When Western corporations outsource the brunt of their production to the global South, they are a part of an international system deepening environmental racism. This manifests through the placing of hazardous factories, power plants and other forms of unwelcome urban decay near marginalized communities — all of which contribute to the contamination of local air and water supplies. Intricate supply chains reinforce this Western colonization of the atmosphere, with transnational corporations deploying the strain of industrial agriculture to global South nations like Pakistan. There, workers endure hazardous environmental conditions and unfairly low wages while only making the richest Western corporations richer.
“This has been happening for a very long time,” says environmental activist Ayisha Siddiqa, 21. Ayisha is the co-founder of Polluters Out, a global coalition unifying youth leaders, environmental activists and scientists to call for a divestment from polluting enterprises. As we greet each other for the first time, Ayisha recounts her family history, beginning with her grandmother, who grew up in an especially impoverished region in Pakistan. Ayisha’s grandmother developed polio and gradually lost control over her limbs due to her lack of access to clean water.
“Environmental racism isn’t just this abstract concept to me,” says Ayisha. “It is tied directly to the destruction of people who look like us, who perhaps speak the same language as us and have the same religion as us… For me, it is beyond just ecology and the trees and animals dying. It is about white supremacy slowly killing humanity.”
While environmental racism comes in many forms, we see the adverse effects of textile production specifically in Pakistan. Pakistan produces a significant amount of the world’s cotton, synthetic fiber, filament yarn, art silk, wool and more. As the 7th largest exporter of the world’s textiles, its textiles are high in trade demand. This seemingly innocuous fact details a darker narrative of environmental racism that disproportionately fuels air, water, land and noise pollution within the country.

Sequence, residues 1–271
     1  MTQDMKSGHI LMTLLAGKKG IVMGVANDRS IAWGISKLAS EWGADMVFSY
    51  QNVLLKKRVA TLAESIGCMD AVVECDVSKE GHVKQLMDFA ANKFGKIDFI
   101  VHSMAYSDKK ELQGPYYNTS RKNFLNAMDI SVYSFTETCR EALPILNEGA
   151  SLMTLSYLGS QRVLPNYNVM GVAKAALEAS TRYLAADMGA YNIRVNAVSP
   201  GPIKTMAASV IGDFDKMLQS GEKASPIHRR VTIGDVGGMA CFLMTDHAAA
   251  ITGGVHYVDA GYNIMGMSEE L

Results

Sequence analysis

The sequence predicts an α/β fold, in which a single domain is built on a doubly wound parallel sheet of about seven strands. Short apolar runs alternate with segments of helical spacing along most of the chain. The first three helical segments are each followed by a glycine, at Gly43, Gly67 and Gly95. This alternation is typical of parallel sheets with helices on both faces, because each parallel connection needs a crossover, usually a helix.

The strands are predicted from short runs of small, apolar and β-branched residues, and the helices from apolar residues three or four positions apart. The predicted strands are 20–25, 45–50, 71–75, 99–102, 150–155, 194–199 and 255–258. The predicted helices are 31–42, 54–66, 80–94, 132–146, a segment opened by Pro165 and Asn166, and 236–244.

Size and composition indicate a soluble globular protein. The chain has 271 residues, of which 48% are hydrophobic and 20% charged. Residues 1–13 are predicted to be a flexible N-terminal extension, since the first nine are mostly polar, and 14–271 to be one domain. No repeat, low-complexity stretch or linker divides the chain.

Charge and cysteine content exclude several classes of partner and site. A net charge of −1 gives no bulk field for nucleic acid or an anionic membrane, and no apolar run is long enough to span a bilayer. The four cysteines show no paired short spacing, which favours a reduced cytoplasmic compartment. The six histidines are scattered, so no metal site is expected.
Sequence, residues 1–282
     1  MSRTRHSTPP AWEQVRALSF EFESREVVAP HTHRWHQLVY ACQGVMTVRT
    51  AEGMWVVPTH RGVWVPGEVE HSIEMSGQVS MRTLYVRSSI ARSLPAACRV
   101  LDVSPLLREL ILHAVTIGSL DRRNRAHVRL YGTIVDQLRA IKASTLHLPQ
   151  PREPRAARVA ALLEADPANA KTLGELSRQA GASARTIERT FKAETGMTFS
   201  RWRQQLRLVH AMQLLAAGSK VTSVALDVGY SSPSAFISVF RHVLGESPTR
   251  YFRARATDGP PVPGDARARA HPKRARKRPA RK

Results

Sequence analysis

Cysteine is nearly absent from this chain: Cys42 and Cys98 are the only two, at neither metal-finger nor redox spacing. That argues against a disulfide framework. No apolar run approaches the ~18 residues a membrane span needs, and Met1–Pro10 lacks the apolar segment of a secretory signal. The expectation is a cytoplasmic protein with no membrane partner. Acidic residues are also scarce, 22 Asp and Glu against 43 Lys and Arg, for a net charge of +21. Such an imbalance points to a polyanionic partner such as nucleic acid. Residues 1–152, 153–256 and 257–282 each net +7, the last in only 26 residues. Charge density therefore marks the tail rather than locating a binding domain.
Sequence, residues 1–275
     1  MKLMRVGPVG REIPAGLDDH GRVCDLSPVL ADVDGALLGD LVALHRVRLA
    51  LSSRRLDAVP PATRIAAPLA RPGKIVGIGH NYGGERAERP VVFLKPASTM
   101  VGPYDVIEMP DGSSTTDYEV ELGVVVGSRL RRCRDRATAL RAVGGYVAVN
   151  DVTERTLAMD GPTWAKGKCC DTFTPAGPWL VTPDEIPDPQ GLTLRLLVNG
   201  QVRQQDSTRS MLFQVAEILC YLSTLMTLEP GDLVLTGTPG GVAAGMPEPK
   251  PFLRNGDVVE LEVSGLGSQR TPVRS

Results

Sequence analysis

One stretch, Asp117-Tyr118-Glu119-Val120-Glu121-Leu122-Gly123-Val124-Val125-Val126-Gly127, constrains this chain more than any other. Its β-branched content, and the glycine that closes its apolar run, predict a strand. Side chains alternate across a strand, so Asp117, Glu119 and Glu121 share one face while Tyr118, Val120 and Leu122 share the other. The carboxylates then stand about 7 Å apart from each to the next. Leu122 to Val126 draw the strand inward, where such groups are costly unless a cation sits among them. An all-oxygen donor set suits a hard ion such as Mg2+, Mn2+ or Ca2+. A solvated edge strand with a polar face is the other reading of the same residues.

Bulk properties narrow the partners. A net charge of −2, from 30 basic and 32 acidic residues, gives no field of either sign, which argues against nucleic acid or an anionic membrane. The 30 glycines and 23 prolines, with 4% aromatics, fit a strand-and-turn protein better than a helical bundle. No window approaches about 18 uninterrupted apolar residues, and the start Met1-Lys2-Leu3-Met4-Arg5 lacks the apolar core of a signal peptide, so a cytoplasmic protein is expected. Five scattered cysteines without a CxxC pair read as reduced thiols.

The air pollution comes in the form of dense spinning facilities littered with flies, dust and unfiltered particles, often in hot factories with poor ventilation. Frequent exposure to cotton dust has been linked to increased health defects for the local workers, causing shortness of breath and more permanent lung obstruction — but it doesn’t end there.
As cotton absorbs hazardous — often carcinogenic — pesticides during its cultivation, the chemicals trickle back into the land, depleting the soil and contaminating nearby water supply. Textile production contributes to one-fifth of the world’s industrial water pollution. In addition to utilizing unsafe chemicals that detrimentally affect local water supply, the high use of water in textile production further accelerates water scarcity within the country. This means less clean water for future use. It also means increased dehydration and sickness.